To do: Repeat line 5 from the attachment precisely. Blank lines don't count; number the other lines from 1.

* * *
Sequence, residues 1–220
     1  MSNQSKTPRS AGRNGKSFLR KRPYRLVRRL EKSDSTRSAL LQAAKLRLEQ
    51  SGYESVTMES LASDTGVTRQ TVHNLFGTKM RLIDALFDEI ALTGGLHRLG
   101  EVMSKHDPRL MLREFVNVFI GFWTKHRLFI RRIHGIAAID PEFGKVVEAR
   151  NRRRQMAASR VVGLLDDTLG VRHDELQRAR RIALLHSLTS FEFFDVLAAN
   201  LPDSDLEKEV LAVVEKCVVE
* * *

   151  NRRRQMAASR VVGLLDDTLG VRHDELQRAR RIALLHSLTS FEFFDVLAAN